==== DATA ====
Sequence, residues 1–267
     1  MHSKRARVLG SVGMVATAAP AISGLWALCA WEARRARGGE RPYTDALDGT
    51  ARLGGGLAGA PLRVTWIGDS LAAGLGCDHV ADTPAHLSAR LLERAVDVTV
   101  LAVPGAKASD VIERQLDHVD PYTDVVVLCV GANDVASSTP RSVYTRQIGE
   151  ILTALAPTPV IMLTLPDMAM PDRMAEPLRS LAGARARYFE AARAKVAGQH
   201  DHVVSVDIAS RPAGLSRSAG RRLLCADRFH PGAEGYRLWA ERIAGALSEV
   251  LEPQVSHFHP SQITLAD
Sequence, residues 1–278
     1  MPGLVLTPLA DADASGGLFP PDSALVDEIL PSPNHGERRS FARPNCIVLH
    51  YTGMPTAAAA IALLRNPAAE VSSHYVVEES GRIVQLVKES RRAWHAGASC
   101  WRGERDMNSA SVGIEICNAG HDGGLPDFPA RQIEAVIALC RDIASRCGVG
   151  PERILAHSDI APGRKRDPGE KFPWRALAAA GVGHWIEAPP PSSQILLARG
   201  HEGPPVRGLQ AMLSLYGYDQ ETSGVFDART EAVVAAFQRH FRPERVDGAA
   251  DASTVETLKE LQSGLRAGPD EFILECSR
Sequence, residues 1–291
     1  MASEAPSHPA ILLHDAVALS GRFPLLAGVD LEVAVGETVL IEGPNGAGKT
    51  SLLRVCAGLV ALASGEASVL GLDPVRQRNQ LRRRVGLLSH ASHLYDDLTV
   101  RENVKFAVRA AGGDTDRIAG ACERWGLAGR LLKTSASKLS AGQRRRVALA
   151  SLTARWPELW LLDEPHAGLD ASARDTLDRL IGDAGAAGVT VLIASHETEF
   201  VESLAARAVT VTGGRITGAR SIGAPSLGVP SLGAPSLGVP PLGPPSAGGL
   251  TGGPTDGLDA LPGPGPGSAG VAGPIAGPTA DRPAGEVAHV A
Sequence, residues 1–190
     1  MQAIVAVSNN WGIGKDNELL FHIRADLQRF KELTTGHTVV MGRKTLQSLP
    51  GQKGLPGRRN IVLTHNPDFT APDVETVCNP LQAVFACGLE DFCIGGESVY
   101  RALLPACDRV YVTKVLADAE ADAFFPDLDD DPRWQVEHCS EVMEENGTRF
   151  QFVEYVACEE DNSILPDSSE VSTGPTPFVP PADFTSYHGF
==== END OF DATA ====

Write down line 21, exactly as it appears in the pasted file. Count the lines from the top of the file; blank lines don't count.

   251  TGGPTDGLDA LPGPGPGSAG VAGPIAGPTA DRPAGEVAHV A